Following a discharge from the military, Ned and Jan both enrolled in the University of Illinois. Graduating, they moved back to Pope County where Ned was readily employed as the high school agriculture teacher. Both received their masters degrees at Southern Illinois University.
Happy to be home after nine years, Ned left teaching to begin a 30-year career in the U.S. Soil Conservation Service. he continued taking pictures as he had while teaching. Provided a professional Crown Graphic camera, he upgraded his black and white photographs, using then in news stories. his proficiency in public relations was recognized when he won a state trophy for a picture story in the Metropolis News. Other commendations followed; when one included a cash award, he invested it in a Canon SLR camera, laying aside his Argus. After seven years, the Soil Conservation Service moved Ned to Vienna where his skills were needed in a developing watershed project.
During their 30 years in Vienna, Ned and Jan have given priority to their church; other activities included schools and civic efforts. Elected a Kiwanis lieutenant governor for a year, Ned traveled to his 16 Southern Illinois clubs, sharing his love for the area in slide presentations. he entered pictures in the Soil Conservation Society's annual contests, often winning state awards, and once capturing the international grand prize in Toronto.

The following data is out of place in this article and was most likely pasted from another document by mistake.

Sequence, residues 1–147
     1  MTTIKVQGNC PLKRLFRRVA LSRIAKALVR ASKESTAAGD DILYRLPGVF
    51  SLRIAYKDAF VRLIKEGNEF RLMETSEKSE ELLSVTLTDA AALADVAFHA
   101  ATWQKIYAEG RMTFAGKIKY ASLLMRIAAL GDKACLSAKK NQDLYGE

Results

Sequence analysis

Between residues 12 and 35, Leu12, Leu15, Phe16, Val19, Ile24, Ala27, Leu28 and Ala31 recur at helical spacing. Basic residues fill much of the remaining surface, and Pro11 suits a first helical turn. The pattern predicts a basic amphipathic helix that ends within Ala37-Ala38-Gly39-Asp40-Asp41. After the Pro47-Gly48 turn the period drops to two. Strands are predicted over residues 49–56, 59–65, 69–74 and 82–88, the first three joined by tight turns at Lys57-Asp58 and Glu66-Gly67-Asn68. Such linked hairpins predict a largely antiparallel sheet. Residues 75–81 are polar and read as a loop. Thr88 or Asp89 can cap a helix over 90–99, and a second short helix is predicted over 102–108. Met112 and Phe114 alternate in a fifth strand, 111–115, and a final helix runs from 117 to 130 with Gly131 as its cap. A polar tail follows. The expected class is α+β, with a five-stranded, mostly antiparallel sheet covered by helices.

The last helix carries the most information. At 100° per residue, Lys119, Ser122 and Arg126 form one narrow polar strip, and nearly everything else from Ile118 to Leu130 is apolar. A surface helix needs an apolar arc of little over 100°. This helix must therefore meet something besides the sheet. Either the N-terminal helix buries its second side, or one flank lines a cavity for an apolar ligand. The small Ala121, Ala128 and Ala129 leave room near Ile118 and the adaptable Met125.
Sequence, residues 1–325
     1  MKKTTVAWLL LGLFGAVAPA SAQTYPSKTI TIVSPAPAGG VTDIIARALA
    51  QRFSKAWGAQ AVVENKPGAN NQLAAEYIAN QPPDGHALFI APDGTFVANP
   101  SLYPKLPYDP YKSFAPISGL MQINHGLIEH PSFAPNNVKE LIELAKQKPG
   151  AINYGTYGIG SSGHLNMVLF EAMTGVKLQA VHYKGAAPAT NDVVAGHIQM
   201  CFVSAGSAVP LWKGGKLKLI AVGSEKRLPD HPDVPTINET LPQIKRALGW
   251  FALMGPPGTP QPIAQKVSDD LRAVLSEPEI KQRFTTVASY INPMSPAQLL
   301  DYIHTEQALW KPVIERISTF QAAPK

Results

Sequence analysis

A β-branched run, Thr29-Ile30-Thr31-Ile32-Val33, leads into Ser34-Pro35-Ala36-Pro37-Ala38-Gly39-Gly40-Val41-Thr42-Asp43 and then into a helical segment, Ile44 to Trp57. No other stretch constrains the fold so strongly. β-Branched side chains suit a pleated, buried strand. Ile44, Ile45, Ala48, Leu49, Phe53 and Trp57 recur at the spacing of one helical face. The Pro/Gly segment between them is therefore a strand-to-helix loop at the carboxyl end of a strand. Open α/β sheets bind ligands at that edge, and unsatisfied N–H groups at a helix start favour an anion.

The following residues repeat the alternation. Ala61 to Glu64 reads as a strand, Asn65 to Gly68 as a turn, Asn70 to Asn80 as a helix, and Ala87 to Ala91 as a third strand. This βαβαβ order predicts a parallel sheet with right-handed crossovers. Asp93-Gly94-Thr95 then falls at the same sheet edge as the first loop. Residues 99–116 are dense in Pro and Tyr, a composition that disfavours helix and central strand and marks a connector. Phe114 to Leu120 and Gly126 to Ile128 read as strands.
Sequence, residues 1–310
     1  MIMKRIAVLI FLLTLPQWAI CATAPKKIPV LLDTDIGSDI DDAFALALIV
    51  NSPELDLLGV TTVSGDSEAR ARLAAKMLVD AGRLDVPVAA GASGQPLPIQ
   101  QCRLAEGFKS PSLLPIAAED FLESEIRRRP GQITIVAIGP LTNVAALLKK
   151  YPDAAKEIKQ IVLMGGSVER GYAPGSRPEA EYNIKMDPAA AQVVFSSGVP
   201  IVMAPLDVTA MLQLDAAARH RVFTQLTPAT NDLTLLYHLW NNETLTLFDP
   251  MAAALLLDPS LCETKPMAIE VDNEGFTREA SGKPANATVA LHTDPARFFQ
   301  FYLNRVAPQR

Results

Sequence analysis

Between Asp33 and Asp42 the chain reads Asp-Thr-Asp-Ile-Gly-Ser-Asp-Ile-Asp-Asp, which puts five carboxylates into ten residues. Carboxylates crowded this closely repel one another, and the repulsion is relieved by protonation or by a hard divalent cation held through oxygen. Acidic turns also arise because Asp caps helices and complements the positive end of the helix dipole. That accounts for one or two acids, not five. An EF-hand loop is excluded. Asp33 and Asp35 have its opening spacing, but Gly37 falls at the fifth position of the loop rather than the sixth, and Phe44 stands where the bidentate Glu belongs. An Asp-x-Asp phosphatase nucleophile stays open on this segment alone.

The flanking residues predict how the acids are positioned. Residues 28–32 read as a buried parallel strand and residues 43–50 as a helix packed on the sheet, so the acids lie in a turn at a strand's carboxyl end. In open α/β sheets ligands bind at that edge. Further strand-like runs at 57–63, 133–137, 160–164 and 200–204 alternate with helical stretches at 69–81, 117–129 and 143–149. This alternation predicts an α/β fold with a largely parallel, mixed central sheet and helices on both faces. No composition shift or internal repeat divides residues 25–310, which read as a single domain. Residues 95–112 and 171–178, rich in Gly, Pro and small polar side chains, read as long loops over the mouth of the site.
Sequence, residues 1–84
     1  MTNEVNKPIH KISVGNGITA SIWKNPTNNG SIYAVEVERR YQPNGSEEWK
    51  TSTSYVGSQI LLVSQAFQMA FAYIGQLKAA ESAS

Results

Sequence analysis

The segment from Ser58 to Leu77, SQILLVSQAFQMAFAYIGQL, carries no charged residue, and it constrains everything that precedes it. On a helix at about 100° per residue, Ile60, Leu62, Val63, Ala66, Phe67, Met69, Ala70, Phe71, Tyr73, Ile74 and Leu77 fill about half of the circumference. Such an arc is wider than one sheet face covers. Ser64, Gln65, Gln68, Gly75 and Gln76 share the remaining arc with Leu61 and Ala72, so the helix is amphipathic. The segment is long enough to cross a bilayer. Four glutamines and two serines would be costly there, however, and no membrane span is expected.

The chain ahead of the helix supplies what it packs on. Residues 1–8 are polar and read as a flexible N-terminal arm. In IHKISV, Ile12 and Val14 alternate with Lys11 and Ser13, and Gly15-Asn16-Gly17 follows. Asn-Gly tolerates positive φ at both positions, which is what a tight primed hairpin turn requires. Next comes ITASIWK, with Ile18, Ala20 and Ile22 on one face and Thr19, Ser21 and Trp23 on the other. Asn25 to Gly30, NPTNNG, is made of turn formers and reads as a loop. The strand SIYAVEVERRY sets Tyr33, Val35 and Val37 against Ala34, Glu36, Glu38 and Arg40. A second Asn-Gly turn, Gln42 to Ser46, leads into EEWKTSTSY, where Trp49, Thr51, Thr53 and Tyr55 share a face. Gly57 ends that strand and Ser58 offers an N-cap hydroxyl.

With a taste for the exotic, Ned and Jan began systematically to travel the world in 1972, their three children grown and away from home. They have visited over 50 countries on six continents. They prefer destinations off the beaten path - Tibet, mongolia, Sri Lanka. Celebrating their 50th wedding anniversary, they photographed wildlife on the Galapagos Islands at Christmas. Each trip became a new venue for pictures. Thousands of slides are reduced to travelogues or educational programs. Presentations to churches, schools and special interest groups number in the hundreds in Southern Illinois and the Tri-state area. Drawing on a slide file in excess of 200,000 images, Ned can prepare programs on virtually any subject.
In the mid - 1980s, Ned's contribution of Southern Illinois scenics for publication in a 28 - page tourism guide gave wide-spread recognition to his works. The state tourism agency used his Garden of the Gods image in a two-page ad in national magazines and metropolitan newspapers. Several banks, offices, colleges, and restaurants have decorated their lobbies with Ned's photographic portrayal of the area's striking scenery.
Ned now devotes part of his time and skills as a "volunteer photographer" for The Nature Conservancy with pictures being published and slides used in programs relating to the Cache River Wetlands Joint Venture.
I am certain you will love this book. Ned has given us in photographs what John Allen, Southern Illinois historian, gave us in words, a sense of who we are and an explanation of why we love this land so much. Share this book with your neighbors and friends, but especially your children. Take them to see these wonderful places that belong to all of us. Ned's reward is knowing that the gift is being passed on.